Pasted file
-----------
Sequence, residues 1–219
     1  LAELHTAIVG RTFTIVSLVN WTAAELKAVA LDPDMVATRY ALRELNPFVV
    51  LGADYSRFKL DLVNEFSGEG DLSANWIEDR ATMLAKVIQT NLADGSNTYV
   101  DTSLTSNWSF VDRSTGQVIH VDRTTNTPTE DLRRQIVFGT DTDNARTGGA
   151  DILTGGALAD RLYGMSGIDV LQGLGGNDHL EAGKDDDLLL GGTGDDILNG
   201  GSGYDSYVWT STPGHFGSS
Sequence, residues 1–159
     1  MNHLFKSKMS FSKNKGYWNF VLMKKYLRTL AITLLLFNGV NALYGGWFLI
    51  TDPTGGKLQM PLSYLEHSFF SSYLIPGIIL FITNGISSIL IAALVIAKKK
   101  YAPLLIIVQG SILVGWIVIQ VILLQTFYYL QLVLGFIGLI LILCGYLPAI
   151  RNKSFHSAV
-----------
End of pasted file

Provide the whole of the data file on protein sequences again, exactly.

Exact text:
Sequence, residues 1–219
     1  LAELHTAIVG RTFTIVSLVN WTAAELKAVA LDPDMVATRY ALRELNPFVV
    51  LGADYSRFKL DLVNEFSGEG DLSANWIEDR ATMLAKVIQT NLADGSNTYV
   101  DTSLTSNWSF VDRSTGQVIH VDRTTNTPTE DLRRQIVFGT DTDNARTGGA
   151  DILTGGALAD RLYGMSGIDV LQGLGGNDHL EAGKDDDLLL GGTGDDILNG
   201  GSGYDSYVWT STPGHFGSS
Sequence, residues 1–159
     1  MNHLFKSKMS FSKNKGYWNF VLMKKYLRTL AITLLLFNGV NALYGGWFLI
    51  TDPTGGKLQM PLSYLEHSFF SSYLIPGIIL FITNGISSIL IAALVIAKKK
   101  YAPLLIIVQG SILVGWIVIQ VILLQTFYYL QLVLGFIGLI LILCGYLPAI
   151  RNKSFHSAV